Holly Springs Residents Opposed to Shooting Range
Posted October 21, 1997
HOLLY SPRINGS — Plans to build a shooting range in the Wake County town of Holly Springs met some resistance Monday night at a meeting at Holly Springs Elementary School. Some residents said while the range would be a legal distance away, it still won't be far enough for them.
Residents opposed to the shooting range were thinking about guns and noise being so close to the elementary school. Organizers said there is nothing to worry about because the range would be in the middle of nowhere, the nearest property line is 300 feet away and the nearest house is 2000 feet away.
Janet Seagroves, a resident of Holly Springs for five years, said she was horrified there could be a firing range 2000 feet from her home.
Seagroves and others against the proposal were concerned about the noise and the possibility of bullets flying, endangering people in the area.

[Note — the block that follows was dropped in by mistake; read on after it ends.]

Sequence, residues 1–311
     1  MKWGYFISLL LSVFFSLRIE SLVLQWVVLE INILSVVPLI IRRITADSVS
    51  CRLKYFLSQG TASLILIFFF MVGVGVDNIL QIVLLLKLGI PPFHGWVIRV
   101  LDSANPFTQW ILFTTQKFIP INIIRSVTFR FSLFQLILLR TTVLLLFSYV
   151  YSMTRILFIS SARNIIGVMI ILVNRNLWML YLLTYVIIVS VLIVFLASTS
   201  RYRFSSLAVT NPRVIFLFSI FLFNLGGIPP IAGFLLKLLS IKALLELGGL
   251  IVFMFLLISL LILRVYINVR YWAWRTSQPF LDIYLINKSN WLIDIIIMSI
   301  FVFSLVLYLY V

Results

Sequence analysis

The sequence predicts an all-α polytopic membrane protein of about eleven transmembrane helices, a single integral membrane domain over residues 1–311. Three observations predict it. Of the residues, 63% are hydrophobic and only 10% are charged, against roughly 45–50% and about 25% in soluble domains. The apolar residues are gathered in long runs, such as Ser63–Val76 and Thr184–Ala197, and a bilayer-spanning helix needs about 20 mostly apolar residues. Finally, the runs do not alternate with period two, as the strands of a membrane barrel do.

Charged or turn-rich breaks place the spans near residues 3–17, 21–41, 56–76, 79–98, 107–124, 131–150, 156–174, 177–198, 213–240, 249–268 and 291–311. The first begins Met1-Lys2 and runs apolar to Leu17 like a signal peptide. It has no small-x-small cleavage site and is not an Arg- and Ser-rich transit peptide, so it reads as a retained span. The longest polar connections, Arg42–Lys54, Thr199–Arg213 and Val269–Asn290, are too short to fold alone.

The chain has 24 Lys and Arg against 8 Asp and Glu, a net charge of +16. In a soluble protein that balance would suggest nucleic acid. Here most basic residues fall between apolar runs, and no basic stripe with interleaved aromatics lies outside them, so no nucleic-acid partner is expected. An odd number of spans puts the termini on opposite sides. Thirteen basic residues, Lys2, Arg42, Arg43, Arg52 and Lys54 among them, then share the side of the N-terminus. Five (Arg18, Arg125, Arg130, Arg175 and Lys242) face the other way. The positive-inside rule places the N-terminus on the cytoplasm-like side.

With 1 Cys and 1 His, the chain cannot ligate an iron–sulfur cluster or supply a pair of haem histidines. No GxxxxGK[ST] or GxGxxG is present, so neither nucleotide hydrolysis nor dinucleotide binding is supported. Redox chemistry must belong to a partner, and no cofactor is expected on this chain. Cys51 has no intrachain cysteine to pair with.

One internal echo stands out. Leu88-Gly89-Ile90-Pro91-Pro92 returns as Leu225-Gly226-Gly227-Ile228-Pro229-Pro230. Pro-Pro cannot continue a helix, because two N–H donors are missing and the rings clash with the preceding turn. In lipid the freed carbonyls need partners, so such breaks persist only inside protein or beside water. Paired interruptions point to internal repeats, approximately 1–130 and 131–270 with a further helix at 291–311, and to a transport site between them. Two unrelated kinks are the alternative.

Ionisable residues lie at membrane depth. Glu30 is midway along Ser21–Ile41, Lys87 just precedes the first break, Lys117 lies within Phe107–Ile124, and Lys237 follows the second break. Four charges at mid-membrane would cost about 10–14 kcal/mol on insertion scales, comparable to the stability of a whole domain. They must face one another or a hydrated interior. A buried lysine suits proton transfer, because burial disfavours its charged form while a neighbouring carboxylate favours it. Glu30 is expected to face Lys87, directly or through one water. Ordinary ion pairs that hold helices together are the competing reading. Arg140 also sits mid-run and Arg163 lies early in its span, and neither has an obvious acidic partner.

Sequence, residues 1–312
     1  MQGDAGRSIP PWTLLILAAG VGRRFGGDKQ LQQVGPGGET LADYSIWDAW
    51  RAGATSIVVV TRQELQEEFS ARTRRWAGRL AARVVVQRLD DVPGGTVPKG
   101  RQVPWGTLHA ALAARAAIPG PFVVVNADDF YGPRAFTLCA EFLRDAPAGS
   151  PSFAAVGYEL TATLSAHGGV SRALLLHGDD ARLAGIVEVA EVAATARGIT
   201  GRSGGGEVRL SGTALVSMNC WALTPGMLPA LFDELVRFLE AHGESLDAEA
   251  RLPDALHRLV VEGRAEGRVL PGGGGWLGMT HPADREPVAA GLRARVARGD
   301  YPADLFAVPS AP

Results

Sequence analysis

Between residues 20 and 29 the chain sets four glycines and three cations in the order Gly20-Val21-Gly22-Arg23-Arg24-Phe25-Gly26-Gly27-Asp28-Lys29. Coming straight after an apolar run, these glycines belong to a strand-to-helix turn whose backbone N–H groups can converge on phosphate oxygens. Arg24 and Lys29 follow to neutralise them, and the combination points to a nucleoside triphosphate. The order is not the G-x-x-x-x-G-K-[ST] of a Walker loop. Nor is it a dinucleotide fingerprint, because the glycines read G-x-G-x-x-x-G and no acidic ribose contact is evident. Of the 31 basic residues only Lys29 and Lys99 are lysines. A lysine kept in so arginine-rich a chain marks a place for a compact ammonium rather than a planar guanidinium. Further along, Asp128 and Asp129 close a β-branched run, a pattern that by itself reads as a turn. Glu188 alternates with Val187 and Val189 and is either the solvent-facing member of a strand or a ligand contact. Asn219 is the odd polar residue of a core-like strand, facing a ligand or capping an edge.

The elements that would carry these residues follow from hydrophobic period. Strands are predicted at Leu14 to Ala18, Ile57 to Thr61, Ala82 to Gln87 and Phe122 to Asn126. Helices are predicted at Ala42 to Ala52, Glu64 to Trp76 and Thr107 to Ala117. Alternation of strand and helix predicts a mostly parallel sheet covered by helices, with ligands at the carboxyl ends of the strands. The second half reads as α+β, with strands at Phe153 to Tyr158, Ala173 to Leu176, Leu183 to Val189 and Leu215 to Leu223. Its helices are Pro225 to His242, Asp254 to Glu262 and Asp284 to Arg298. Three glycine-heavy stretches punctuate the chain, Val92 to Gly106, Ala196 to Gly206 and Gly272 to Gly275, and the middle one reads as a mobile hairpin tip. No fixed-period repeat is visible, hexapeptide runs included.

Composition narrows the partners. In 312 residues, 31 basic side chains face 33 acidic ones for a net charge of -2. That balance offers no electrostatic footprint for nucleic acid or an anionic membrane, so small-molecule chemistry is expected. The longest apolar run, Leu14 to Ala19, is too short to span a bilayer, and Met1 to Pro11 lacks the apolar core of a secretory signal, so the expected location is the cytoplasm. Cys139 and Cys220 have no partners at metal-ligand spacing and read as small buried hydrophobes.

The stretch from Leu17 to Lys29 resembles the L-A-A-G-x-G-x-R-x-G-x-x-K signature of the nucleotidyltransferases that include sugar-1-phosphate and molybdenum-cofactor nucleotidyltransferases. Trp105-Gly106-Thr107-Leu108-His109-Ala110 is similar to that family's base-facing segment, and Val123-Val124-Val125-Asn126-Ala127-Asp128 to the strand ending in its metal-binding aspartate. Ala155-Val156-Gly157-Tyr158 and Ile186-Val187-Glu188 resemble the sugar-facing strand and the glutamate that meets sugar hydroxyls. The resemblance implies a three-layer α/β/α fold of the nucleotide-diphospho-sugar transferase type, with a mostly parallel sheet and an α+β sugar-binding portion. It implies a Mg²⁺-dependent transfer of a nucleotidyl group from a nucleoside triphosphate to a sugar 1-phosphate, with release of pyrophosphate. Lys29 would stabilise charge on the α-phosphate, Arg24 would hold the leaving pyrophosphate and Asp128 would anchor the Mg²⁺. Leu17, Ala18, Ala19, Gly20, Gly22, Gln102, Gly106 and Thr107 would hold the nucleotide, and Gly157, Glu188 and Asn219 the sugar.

Supporters of the firing range said residents' concerns about gunfire in the area were not valid because people hunt there all the time. They said the residents should be more concerned about hunting than the supervised firing range.
David Carter has directed the project since 1986 and said people were misinformed, and that he wanted to alleviate fears the residents felt.
Carter and his staff met with residents Monday night to talk about their fears. While Carter explained the building was designed to keep bullets inside, some residents like Seagroves were not convinced.
A noise consultant came to the meeting and explained the noise at the facility would be no louder than a person speaking in a normal tone. WRAL's Wisdom Martin spoke with people after the meeting and most were still angry that the project was going to be in the Holly Springs area. County commissioners are expected to make a decision on November 3.
Reporter: Wisdom Martin